Technical qualifications
  • Get a hands-on qualification at the Technical, Bulawayo or Chitungwiza Campus
  • Improve your employability
Archaeologist PDF Print E-mail

Job overview
Archaeology is the study of the relics,? often buried underground, of earlier societies from whose tools, works of art, dwellings, human remains etc the history and culture of those societies can be deduced.

?What do people do in this job?
?Excavation is central to an archaeologist’s career.

?This has to be done slowly, scientifically and carefully so that nothing is missed and everything of significance can be recorded.

?The documentation also involves mapping, photographing and surveying.

?Objects brought to light are sorted, packed and taken to the laboratory for analysis.

?Another way in which archaeologists learn about the beliefs and lifestyles of people in the past is by locating and recording rock art or identifying buildings and structures still standing above ground.

Archaeologists tend to specialise in different periods.

?Some study the origins of man well over a million years ago while others may be concerned with the recent past, for example where industrial archaeology is concerned.

Some archaeologists specialise not in a period but in the study of one particular kind of evidence,? e.g. human and animal bone, stone artefacts, rock paintings and engravings, beads, pottery, pollen, charcoal or other evidence of past conditions and climates, sometimes making use of scientific techniques such as carbon and isotope dating.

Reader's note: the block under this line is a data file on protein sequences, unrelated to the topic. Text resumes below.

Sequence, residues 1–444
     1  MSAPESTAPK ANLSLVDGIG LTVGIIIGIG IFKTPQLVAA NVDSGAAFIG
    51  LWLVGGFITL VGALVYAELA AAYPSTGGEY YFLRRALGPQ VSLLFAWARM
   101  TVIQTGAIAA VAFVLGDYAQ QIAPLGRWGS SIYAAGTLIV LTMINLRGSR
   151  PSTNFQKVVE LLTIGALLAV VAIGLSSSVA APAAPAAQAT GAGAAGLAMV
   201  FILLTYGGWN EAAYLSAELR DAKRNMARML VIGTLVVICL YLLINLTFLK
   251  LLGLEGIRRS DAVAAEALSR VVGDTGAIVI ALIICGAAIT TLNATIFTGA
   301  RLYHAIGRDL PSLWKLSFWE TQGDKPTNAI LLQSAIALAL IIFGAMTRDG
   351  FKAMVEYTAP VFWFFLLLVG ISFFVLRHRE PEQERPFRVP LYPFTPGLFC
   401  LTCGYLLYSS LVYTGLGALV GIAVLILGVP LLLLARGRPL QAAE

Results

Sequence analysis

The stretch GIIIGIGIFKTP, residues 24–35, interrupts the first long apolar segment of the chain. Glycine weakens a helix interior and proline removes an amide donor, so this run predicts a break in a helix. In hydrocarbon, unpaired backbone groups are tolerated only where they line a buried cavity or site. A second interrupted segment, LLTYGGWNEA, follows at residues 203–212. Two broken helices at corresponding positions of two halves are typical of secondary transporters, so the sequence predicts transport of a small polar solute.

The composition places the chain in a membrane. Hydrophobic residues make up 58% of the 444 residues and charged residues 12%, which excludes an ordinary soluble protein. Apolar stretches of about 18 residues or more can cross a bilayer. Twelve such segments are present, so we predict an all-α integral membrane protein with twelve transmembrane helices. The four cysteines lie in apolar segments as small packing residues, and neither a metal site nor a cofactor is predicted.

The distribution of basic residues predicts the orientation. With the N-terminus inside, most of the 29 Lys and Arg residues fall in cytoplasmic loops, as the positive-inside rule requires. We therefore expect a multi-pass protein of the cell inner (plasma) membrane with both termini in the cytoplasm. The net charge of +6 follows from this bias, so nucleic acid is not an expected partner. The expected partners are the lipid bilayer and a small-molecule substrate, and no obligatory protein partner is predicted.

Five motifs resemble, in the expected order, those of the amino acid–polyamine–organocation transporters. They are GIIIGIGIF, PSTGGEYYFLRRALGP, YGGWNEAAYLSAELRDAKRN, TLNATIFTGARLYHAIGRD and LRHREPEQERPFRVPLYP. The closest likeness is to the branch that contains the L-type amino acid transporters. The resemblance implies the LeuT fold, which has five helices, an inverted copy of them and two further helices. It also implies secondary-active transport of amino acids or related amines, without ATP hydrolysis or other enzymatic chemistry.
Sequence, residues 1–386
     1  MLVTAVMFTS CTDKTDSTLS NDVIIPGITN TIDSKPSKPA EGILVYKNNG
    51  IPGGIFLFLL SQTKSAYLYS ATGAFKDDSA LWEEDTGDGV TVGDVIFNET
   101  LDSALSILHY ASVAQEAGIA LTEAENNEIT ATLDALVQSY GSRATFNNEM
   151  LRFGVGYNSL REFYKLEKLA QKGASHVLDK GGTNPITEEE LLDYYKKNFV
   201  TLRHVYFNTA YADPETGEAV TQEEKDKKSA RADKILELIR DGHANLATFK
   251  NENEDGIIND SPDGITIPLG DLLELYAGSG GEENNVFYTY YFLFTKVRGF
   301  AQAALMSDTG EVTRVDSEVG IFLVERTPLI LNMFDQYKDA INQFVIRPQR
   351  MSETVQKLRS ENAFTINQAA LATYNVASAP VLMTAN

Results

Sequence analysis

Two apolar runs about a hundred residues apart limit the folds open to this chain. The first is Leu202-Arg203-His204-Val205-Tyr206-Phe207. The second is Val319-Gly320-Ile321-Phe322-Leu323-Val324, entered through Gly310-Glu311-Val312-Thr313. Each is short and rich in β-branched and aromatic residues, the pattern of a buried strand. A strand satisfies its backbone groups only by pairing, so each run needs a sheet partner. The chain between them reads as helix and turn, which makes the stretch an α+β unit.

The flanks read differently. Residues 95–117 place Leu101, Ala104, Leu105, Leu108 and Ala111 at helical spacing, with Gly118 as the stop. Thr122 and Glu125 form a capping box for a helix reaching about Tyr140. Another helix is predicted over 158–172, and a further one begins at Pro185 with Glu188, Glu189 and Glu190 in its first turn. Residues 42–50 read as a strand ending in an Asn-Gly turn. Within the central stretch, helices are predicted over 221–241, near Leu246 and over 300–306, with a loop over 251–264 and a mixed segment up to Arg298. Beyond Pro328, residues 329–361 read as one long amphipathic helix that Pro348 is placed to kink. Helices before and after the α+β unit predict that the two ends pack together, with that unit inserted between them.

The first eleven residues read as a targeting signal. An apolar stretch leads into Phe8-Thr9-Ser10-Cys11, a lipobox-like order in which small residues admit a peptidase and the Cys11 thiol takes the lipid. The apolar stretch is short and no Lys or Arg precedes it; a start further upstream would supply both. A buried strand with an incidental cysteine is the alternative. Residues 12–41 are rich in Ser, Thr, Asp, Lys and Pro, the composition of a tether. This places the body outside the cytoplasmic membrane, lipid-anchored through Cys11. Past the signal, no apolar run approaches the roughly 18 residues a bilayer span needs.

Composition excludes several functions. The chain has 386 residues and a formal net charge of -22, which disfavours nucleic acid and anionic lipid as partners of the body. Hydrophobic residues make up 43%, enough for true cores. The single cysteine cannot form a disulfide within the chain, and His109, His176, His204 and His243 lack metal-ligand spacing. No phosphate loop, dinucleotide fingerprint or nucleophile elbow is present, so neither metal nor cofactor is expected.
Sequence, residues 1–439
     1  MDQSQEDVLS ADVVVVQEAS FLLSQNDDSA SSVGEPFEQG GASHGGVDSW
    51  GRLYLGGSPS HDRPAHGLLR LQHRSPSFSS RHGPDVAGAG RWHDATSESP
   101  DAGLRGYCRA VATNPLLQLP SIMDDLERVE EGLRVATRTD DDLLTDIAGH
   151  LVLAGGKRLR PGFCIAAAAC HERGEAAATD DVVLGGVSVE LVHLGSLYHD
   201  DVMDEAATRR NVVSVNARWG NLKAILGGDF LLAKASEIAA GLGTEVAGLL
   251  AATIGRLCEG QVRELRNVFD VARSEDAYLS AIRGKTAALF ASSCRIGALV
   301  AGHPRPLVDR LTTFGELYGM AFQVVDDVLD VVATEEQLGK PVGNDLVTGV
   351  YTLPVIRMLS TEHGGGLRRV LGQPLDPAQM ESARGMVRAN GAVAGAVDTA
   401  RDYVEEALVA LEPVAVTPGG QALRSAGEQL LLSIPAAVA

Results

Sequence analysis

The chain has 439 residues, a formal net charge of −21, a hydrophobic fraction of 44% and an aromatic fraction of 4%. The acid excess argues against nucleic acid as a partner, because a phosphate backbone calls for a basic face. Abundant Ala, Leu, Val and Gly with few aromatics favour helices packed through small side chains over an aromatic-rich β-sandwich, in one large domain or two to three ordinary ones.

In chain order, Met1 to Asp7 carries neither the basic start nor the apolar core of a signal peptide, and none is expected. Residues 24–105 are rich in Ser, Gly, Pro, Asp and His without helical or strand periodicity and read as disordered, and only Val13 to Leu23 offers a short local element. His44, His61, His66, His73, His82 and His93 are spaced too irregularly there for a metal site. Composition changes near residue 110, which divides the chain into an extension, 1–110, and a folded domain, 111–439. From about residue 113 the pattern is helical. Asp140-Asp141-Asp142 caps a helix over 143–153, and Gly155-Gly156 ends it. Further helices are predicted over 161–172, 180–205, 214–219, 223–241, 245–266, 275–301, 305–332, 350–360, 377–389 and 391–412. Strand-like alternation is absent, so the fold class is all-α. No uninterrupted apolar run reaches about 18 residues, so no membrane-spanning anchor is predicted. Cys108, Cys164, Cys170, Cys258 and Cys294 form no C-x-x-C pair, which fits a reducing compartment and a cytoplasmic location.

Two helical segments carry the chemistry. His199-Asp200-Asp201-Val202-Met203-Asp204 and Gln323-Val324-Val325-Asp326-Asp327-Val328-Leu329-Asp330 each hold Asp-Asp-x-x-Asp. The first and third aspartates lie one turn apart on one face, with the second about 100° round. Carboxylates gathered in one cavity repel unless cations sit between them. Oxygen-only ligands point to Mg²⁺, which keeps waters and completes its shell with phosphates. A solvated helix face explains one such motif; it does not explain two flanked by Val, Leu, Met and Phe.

Archaeologists often do fieldwork in remote places where they have to camp out,? but also work in towns and cities where ancient sites are discovered below the ground during building operations.

Specialists in chemical or physical methods work in laboratories in museums or universities.

?These jobs can be done by people with disabilities that may prevent them from doing fieldwork.

?What kinds of people are suitable for this job?
?Archaeologists investigate evidence that is often unique and can never be replaced, so they must be reliable and able to work systematically.

?Both fieldwork and laboratory analysis is time-consuming and archaeologists must have self-discipline and patience as well as the ability to conceptualise questions about the past and find ways to answer them.

?They should be questioning thinkers, taking nothing for granted.

?Archaeologists are usually employed by museums and universities.

?Prospects for employment are limited.

?Most archaeologists will have a background of university studies.

?A degree in history is highly relevant, especially if it has an archaeology component, while archaeology as a degree subject in itself is available at some universities.

© 2018 | Terms of Use | Government Registration | Contact Us